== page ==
Tower timbers found on Firth of Clyde

The west Scotland Firth of Clyde may have housed a 13th century harbor and large timber tower, according to archaeologists from Wessex Archaeology Coastal & Marine and members of the local community who have been studying the site since the destructive winter storms of early 2014. (photos, map)

The large, oak timbers were found buried in coastal sand flats at Hunterston Sands and were well preserved. The hexagonal, stone harbor could hold a number of boats, but only at low tide.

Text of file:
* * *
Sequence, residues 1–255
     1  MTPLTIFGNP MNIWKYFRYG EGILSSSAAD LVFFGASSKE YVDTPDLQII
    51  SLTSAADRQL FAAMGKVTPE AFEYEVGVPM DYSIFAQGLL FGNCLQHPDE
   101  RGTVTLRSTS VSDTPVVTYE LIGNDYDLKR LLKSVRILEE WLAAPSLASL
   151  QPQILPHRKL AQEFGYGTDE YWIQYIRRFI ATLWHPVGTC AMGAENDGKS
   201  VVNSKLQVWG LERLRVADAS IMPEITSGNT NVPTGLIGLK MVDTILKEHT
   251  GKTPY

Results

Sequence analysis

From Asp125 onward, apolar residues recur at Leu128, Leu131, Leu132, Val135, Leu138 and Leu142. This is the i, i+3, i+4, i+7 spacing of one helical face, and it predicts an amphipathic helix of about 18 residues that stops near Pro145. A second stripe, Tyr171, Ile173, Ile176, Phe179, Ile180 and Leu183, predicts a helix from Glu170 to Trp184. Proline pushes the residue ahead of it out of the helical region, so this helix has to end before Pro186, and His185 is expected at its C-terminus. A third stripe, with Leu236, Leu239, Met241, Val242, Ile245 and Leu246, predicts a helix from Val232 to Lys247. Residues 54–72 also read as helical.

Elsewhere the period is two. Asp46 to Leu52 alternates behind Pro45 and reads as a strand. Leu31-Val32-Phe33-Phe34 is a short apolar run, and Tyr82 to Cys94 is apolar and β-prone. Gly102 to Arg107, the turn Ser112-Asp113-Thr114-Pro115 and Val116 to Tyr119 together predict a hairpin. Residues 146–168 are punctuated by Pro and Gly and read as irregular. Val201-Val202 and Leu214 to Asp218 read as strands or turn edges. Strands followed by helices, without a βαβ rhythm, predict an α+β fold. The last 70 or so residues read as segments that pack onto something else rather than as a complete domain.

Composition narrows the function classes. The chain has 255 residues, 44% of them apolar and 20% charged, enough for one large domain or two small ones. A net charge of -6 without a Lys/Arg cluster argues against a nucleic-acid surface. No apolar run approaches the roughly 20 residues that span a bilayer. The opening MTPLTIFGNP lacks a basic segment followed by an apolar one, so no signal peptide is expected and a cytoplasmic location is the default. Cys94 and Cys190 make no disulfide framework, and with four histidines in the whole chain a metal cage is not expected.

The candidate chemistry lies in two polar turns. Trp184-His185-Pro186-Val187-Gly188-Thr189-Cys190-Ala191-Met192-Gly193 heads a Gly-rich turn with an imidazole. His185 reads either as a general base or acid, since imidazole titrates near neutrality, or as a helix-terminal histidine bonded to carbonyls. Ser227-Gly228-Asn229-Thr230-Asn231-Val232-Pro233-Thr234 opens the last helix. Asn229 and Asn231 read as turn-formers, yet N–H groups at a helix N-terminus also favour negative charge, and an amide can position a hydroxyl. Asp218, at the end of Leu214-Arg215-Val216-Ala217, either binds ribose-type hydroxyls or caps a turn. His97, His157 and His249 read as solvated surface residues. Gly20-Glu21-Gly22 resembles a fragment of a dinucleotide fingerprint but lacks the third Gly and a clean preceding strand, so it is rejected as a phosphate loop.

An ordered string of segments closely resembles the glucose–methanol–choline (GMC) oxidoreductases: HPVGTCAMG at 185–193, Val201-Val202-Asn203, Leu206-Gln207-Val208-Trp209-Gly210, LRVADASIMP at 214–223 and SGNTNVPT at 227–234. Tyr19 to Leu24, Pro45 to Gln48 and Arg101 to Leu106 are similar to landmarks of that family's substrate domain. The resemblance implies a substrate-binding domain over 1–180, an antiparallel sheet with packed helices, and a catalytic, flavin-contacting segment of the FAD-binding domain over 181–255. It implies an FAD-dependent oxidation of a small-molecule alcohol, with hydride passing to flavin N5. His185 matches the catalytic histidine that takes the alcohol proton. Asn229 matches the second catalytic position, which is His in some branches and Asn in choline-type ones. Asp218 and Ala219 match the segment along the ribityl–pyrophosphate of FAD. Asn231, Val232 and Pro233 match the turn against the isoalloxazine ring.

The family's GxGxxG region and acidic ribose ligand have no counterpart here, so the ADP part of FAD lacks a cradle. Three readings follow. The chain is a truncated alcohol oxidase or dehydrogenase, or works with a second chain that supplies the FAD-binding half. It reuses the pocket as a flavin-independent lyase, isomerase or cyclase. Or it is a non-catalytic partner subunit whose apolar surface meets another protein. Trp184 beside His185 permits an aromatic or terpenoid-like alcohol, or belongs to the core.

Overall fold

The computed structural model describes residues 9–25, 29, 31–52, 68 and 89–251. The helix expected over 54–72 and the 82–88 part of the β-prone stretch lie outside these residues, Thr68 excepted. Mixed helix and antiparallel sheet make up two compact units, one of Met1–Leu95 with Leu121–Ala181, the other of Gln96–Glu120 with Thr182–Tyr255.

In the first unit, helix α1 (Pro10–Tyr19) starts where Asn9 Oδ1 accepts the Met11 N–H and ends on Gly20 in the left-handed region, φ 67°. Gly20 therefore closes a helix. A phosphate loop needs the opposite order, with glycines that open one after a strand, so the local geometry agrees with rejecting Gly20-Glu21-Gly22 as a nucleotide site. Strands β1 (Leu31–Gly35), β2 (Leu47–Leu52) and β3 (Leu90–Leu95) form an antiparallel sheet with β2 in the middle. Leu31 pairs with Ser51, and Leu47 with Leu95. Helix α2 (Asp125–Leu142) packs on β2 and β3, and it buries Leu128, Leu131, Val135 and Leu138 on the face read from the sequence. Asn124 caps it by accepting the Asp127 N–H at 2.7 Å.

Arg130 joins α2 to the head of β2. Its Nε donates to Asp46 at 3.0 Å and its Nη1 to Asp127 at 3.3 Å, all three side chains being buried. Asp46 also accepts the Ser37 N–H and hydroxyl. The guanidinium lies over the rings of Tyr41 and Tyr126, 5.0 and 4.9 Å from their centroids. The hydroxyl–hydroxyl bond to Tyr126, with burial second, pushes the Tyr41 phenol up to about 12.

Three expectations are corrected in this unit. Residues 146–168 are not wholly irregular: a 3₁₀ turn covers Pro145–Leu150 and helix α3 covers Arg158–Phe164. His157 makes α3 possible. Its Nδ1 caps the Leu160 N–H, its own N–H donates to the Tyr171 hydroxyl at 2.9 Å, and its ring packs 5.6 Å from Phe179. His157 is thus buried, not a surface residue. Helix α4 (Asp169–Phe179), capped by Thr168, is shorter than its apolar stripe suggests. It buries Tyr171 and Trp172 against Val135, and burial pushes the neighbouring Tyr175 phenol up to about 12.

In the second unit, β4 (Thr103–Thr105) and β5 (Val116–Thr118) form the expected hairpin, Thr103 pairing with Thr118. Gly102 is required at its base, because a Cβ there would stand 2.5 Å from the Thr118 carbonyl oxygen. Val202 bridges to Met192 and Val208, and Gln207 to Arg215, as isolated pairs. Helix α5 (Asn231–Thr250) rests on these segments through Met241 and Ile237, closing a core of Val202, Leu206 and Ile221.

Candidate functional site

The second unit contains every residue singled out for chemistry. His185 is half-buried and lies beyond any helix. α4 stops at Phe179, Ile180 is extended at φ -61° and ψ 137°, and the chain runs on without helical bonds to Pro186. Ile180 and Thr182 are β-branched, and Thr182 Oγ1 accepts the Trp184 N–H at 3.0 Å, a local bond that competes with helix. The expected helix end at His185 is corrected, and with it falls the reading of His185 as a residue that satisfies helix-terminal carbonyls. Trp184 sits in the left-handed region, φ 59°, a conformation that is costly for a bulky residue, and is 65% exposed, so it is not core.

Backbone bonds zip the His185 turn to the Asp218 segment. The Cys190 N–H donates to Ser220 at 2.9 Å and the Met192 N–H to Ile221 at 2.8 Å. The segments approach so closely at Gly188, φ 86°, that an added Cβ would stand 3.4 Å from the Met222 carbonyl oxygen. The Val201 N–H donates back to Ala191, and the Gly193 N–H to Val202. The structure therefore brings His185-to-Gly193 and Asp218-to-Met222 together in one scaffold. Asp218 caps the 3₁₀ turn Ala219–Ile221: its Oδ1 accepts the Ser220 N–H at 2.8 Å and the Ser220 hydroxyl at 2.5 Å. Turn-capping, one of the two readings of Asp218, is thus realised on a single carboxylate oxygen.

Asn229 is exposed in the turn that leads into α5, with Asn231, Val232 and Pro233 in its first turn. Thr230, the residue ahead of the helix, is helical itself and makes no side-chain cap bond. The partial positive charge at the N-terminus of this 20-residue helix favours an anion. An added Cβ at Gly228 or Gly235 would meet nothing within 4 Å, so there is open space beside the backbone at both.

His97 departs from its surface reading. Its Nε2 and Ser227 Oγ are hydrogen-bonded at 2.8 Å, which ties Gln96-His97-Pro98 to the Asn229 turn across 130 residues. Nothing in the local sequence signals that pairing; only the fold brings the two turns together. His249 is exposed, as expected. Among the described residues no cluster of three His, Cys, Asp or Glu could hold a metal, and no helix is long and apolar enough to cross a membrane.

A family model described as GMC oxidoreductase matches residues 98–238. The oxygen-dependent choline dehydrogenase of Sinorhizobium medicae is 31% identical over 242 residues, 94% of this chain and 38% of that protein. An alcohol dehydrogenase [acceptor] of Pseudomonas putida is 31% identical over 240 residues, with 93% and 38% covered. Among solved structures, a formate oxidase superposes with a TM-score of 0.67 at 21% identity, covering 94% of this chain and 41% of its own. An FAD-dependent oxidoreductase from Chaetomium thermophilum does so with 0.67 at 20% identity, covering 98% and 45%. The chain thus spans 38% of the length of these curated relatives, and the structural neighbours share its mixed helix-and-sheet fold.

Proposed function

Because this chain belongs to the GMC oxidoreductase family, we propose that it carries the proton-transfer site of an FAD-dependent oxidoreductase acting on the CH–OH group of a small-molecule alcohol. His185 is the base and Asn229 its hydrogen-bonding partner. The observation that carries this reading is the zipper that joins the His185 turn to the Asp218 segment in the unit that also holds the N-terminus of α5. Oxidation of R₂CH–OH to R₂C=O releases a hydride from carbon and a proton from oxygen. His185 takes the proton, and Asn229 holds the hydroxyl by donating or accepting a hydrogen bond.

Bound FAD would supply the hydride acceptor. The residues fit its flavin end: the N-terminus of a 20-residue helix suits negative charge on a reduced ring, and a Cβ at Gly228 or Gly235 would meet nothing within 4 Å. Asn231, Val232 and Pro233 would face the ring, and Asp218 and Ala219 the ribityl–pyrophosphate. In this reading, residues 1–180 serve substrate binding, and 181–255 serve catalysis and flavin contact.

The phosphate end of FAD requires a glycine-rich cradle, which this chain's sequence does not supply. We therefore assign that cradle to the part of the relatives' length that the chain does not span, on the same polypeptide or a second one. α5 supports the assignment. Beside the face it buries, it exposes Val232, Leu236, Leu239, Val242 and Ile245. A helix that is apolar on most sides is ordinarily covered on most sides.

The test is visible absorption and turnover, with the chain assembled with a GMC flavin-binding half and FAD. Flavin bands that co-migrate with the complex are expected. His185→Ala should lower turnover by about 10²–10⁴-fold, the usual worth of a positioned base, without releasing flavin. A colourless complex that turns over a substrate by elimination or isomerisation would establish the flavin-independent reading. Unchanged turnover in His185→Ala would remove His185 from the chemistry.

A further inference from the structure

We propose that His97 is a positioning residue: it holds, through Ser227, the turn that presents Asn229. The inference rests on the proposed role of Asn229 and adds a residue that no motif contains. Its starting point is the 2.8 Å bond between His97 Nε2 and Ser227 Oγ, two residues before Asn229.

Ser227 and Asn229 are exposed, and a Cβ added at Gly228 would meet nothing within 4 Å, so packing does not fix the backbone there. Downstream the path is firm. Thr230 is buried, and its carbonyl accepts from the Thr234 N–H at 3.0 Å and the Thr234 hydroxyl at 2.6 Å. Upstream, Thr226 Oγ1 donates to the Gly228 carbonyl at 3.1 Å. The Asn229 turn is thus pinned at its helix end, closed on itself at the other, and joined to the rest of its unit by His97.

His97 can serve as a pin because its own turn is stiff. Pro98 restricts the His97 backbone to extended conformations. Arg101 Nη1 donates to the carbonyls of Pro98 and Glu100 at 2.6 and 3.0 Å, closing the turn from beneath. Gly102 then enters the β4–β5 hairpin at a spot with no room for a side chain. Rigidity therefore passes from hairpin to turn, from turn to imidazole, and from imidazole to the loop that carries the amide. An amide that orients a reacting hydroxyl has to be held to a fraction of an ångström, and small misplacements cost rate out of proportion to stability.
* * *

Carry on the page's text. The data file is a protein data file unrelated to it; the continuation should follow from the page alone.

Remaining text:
Dr Andy Bicket, Senior Archaeologist and Geoarchaeologist for Wessex Archaeology, Coastal & Marine said: “This represents an incredibly rare and exciting find. The early 13th century was a key period for defining Scotland and the west coast seaways were instrumental in the strategies of the various factions vying for control. The structures on Hunterston Sands also highlight that managing coastal change has long been an important issue for people”.